14. Anesthetic carpule: Care and caution of use Cartridges should be stored at room temperature and protected from direct sunlight. Never use a cartridge that has been frozen. Do not use a cartridge if it is cracked, chipped, or damaged in any way. Never use a solution that is discolored or cloudy or has passed the expiration date. Do not leave the syringe preloaded with the needle attached for an extended period of time. Never save a cartridge for reuse.

    15. Table 37-3 Disposable Needle

    16. Injection into a blood vessel Infected area Localized toxic reaction Systemic toxic reaction Temporary numbness Paresthesia

    17. A noninvasive method to block pain electronically by using a low current of electricity through contact pads that target a specific electronic waveform directly to the nerve bundle at the root of the tooth. Benefits to the patient: No needles. No post-operative numbness or swelling. Chemical-free method of anesthesia. No risk of cross-contamination. Reduces fear and anxiety. Patients have control over their own comfort level.

    18. Nitrous oxide/oxygen (NO/O) is a combination of these gases that the patient inhales to help eliminate fear and to help the patient relax. History Dates back to 1844. Dr. Horace Wells first used it on his patients. Effects Non addictive. Easy onset, minimal side effects, and rapid recovery. Produces stage I anesthesia. Dulls the perception of pain.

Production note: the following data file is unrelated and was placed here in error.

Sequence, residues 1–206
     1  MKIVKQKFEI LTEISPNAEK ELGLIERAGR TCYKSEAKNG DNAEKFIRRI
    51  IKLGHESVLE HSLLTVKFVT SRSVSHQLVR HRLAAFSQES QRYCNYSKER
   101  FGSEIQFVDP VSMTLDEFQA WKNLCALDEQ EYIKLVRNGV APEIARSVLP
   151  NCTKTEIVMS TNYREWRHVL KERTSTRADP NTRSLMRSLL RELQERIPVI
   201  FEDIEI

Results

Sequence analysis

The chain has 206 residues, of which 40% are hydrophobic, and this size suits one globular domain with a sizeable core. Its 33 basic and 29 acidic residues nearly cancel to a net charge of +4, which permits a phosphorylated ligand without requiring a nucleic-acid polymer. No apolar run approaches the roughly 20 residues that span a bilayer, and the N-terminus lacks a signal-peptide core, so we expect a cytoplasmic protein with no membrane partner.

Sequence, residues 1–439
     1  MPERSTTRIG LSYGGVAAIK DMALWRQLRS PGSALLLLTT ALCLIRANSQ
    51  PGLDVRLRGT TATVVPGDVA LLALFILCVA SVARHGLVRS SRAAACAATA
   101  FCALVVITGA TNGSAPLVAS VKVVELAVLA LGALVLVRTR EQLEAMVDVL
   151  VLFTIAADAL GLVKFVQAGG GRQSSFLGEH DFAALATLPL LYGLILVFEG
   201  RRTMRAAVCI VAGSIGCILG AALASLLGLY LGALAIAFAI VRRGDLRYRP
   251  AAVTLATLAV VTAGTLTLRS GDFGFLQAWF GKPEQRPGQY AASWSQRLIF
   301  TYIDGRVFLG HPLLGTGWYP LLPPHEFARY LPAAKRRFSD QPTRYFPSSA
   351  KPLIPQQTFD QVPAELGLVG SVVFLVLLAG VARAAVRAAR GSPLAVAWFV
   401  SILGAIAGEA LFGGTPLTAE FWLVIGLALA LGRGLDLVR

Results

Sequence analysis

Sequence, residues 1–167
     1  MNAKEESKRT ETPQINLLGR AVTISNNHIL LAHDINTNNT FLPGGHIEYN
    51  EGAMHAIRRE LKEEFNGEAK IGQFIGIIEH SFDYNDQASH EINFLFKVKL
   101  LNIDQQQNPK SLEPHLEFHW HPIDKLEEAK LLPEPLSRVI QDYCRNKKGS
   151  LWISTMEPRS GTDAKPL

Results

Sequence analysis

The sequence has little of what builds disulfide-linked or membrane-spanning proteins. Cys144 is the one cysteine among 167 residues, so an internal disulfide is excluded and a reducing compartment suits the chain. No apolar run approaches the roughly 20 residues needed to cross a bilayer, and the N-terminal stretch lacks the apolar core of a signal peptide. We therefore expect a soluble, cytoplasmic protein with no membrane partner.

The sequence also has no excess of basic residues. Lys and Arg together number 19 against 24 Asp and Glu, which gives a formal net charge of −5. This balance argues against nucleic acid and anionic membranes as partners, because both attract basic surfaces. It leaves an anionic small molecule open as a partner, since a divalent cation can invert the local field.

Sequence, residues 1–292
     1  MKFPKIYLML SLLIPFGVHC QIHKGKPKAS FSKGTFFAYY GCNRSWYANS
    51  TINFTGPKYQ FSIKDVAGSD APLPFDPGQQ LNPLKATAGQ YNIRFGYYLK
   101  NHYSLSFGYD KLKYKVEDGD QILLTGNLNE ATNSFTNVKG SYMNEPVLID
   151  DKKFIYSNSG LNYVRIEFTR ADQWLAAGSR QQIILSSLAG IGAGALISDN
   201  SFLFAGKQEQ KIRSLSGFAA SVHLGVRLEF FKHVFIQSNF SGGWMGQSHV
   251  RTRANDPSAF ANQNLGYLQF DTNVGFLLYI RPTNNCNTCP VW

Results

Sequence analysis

19. Pregnancy: First trimester Nasal obstruction: Problems inhaling through the nose Emphysema: Increased O Multiple sclerosis: Breathing difficulties Emotional stability: Altered perception of reality

    20. Cylinders: Gases are dispensed in steel cylinders, which are colored green for O and blue for NO. NO machines: Portable or part of the dental unit. Control valves: Control the flow of each gas. Flowmeter: Indicates the rate of flow of the gases. Reservoir bag: The two gases are combined in this bag and the patient draws on it for breathing.

    21. Gas hose Carries the gases from the reservoir bag to the mask or nosepiece. Masks: Supplied in sizes for adults and children The nosepiece through which the patient breathes the gases. Scavenger system Protection from the occupational risks of NO.

    22. Used only for patient treatment. Never administered for recreational purposes. How to reduce NO hazards to dental personnel Use a scavenger system. Use a patient mask that fits well. Discourage patients from talking. Vent gas outside the building. Routinely inspect equipment and hoses for leaks. Use an NO monitoring badge system.

    23. Review health history. Obtain base-line vital signs. Describe the procedure of administering the gases. Describe the use of the mask and the importance of nasal breathing. Describe the sensations that the patient will experience. Reassure the patient.

    24. Start with pure oxygen while establishing the patients tidal volume. Slowly titrate the nitrous oxide until the desired results are achieved. Patients should refrain from talking or mouth breathing. The NO/O analgesia should end with the administration of 100% O for 3 to 5 minutes. Obtain postoperative vital signs and compare them to the preoperative recordings.